Watermelon Web Works Review: Part 1

The Prologue

No Watermelons Allowed

No Watermelons Allowed

On February 17, 2014, one year ago today, my redesigned website went “live.” The site was an utter failure. If it had been a city, it would have been declared a disaster area. And, frankly, dealing with FEMA would have been a lot less exasperating than dealing with my web designers, Watermelon Web Works.

I surf the web with a computer. My fifteen-year-old niece surfs it via her smartphone. My cell phone is a dumb phone and all I use it for is making phone calls when I’m out and about. My niece needs an app to remind her that she can use her phone to make phone calls. When she calls me at home I answer on a phone that has a cord and a rotary dial—or, as she calls it, a leashed phone.

More and more people surf the web with mobile devices, and since I’m not terribly attuned to a user’s experience on them, I hired Watermelon to make my site more suitable for viewing on these devices. I also wanted them to make it possible for customers to instantly download cartoons after they pay for them instead of waiting for me to email a jpg.

On February 16, the day before the new design was launched, my site had 939 visitors.

The site Watermelon designed was lovely to look at, but it only averaged three visitors a day. Not three thousand. Not three hundred. But three.

For much of the last year I suffered a double whammy: having no income coming in because no one was visiting the redesigned site, and paying Watermelon’s fees. I nearly went bankrupt.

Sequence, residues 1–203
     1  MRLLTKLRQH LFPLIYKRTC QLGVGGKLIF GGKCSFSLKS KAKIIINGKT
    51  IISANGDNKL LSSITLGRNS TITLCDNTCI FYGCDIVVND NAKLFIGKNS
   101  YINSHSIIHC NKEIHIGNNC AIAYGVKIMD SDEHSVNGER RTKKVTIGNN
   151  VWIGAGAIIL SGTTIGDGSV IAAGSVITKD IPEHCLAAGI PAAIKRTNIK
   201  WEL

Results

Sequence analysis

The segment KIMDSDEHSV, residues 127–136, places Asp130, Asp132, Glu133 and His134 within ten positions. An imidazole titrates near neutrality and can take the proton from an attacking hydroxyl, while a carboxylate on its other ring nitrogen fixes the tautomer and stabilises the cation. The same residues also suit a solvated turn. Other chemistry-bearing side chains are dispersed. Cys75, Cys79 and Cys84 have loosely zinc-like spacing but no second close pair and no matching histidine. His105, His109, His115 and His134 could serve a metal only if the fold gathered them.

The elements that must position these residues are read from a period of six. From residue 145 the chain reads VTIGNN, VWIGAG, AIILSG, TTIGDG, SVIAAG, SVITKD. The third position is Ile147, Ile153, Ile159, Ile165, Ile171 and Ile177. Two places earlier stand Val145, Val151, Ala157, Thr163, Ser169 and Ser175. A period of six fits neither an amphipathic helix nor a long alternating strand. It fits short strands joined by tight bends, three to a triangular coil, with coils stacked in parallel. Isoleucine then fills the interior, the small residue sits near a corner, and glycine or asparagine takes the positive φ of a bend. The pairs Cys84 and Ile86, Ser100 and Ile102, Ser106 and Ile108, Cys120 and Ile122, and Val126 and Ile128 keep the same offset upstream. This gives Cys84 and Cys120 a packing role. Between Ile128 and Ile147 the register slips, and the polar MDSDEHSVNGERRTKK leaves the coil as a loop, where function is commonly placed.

In June I asked Paul Clerc, Watermelon’s top web guru, if there was any chance I could get a partial refund. My old site netted about $1,900 per month. The new site was netting about $10.76 a month. Paul said “No.”

Soon thereafter I balked at paying Watermelon for a fourth time to fix a programming error that was causing my customers to be overcharged. I concluded my email by saying:

If I was only out $8,000 (almost double your bid) it would be one thing, I could walk away from it, but I’ve lost my livelihood, I’ve lost the way I made a living, I’ve lost a business it took me 35 years to build.

When I was looking for a design firm everyone said: “They do good cheap work in India.” I was an idealist, and was willing to pay more to hire not just a U.S. firm, but an Oregon firm. So much for idealism.

Paul emailed: “I do not appreciate the attitude. … These are services that you should be paying several tens of thousands of dollars for. … I understand why you are upset, and I have a good deal of sympathy for your situation, but it is in NO WAY our fault.” The caps are his, not mine.

You can read Paul’s entire email in Part 13 of this review.

He said he was willing to restore my old site for free.

Over the next nineteen days I will blog about my experience with Watermelon. I’ve tried to write the posts in such a way that you won’t need to be a computer geek to get the gist of the story, but there are some technical bits: mostly unedited emails from Watermelon. I’ve included these emails in their entirety so Watermelon can’t claim I’ve taken things out of context.

I doubt that few outside of those who reached this page by Googling “Watermelon Web Works Review” will read my tale of woe all the way through, but that’s OK. I mainly wrote it for those particular Googlers.

Next: In the Beginning


At one point Paul said the way to save my website was to blog. Another of Watermelon’s web gurus once wrote me, “Blogs are considered highly sharable, so write great blog posts for people to share!”

Feel free to share–especially with anyone you know who’s looking for a web designer.
Read Watermelon’s response to this review.

Computer Cartoons for use in newsletters, text books, etc.So cheap you can afford them even if you’ve paid your web designer way too much.